Posted Aug 11, 2010 12:35 pm CDT
A former in-house lawyer who tried to make pension plan language more readable made a costly mistake that could have cost Verizon $1.67 billion.
But thanks to a federal appeals court ruling Tuesday, Verizon is off the hook, Reuters reports. The Chicago-based 7th U.S. Circuit Court of Appeals concluded that ERISA allows the court to correct the “scrivener’s error.”
“People make mistakes. Even administrators of ERISA plans,” Judge John Daniel Tinder wrote in the panel opinion. “We conclude that ERISA’s rules are not so strict as to deny an employer equitable relief from the type of ‘scrivener’s error’ that occurred here.”
The mistake by Barry Peters, a lawyer for Bell Atlantic before it was acquired by Verizon, could have been made by anyone, the American Lawyer reported in a story published in November after a district court ruling in the case. When Bell Atlantic switched pension plans, it multiplied the cash-out value of each employee’s stake in the old plan by a “transition factor” based on age and years of experience to boost opening balances in the new plan.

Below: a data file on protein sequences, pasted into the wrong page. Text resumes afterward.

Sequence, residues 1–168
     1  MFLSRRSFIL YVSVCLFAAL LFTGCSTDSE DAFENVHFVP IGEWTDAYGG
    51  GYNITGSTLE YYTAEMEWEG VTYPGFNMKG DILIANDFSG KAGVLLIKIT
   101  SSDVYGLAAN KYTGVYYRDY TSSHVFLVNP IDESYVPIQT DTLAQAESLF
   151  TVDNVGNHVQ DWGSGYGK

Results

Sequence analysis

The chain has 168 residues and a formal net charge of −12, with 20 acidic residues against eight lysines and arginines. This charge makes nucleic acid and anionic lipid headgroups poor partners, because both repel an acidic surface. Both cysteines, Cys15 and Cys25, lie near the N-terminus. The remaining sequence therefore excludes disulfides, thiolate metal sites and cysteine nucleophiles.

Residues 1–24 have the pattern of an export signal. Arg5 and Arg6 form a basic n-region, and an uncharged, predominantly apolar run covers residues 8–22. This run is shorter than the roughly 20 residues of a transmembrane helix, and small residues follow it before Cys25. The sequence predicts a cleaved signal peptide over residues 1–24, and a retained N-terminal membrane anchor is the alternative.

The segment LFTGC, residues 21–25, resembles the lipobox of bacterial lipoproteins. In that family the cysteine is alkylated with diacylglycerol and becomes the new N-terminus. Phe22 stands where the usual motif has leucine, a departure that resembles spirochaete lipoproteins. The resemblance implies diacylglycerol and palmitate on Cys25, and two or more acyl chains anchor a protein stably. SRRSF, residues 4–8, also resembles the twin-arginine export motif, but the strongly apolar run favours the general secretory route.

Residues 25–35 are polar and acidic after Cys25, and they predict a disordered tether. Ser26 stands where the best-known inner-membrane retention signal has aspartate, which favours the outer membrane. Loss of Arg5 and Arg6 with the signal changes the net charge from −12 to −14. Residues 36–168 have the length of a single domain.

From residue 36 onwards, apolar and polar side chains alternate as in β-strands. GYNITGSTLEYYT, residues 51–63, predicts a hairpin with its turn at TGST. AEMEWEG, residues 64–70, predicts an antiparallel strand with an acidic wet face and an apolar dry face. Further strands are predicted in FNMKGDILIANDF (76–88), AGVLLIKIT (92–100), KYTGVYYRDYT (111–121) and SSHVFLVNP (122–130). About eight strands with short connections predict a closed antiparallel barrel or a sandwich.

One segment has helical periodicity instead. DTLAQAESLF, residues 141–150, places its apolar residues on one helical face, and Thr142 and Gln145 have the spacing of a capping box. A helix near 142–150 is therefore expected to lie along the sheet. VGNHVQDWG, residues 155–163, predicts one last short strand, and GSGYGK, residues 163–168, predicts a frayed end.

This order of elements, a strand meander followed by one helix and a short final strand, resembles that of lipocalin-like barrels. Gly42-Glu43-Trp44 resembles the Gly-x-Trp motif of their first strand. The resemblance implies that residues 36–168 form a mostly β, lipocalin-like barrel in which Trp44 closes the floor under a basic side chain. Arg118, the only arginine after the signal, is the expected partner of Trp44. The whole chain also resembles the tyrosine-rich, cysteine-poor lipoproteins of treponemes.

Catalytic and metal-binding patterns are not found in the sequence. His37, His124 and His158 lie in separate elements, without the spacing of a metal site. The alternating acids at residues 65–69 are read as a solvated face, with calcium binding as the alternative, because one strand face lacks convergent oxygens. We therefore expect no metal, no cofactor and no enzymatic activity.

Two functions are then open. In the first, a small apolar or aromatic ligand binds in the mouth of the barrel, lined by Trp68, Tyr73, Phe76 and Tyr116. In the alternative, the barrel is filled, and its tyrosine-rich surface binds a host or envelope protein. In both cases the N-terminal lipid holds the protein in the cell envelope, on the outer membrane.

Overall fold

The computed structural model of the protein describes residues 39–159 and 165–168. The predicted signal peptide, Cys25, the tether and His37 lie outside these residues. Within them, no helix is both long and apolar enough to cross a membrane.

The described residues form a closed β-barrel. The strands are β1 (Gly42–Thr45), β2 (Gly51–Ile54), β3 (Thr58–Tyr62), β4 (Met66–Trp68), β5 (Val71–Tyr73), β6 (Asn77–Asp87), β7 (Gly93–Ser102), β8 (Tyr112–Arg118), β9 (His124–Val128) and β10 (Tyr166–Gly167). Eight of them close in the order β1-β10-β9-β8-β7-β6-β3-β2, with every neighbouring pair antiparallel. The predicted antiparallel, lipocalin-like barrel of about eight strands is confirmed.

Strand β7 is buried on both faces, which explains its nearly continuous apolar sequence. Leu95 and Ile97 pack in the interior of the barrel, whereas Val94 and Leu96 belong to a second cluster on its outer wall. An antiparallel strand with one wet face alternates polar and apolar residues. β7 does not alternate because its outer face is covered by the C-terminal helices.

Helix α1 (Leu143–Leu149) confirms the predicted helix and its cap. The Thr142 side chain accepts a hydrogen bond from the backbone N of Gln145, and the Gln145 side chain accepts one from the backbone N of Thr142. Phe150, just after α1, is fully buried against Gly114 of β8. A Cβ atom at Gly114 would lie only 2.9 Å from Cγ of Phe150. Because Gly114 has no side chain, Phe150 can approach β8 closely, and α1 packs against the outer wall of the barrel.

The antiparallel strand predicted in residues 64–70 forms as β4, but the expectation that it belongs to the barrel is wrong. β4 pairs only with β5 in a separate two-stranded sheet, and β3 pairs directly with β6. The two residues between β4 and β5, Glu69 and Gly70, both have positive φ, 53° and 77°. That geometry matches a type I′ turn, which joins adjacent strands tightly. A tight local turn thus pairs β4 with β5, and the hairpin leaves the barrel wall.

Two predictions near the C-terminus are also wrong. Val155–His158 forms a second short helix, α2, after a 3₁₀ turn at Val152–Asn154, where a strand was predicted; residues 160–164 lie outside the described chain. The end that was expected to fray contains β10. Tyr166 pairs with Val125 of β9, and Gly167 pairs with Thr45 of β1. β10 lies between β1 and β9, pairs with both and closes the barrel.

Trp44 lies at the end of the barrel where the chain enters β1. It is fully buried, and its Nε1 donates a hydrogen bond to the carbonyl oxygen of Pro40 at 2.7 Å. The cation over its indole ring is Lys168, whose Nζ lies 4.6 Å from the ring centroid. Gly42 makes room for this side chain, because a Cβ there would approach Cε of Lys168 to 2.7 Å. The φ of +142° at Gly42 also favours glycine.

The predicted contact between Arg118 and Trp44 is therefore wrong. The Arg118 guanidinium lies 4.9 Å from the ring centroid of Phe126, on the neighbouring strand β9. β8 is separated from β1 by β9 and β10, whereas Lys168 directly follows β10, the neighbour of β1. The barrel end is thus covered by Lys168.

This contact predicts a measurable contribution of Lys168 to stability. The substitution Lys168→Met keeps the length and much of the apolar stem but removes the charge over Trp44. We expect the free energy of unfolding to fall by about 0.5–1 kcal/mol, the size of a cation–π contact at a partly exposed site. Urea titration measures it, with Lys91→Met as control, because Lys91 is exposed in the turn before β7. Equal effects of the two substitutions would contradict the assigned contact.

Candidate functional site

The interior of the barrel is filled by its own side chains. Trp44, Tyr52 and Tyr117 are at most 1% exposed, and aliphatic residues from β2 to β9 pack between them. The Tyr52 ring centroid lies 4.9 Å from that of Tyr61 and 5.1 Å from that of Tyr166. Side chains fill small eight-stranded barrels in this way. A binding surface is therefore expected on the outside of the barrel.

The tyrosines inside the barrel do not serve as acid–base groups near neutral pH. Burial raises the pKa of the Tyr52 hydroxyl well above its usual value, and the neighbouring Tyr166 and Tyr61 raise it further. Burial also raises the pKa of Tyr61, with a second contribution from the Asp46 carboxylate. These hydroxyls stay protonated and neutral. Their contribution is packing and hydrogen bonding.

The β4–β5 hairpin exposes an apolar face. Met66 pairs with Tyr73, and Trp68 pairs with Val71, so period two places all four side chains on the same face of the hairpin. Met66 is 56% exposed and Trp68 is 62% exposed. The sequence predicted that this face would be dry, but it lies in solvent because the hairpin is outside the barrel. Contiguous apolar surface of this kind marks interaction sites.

The multiplier was supposed to apply once. When working on the fourth draft of the plan, Peters added a mention of the “transition factor” in the middle of the sentence, but forgot to delete it at the end of the sentence, the American Lawyer explains. As a result, the language appeared to call for multiplying the pension holdings twice by the transition factor, rather than once.
The 7th Circuit opinion said Peters testified he was trying to rewrite the transition formula into a more readable “A times B” format. His error survived unnoticed in the fifth, sixth and final drafts of the plan.
Matthew Hurst, a partner at Susman Heffner & Hurst who represents the workers who sued Verizon, told Reuters that federal courts are divided on the scrivener’s error issue. “This split should be resolved,” he said.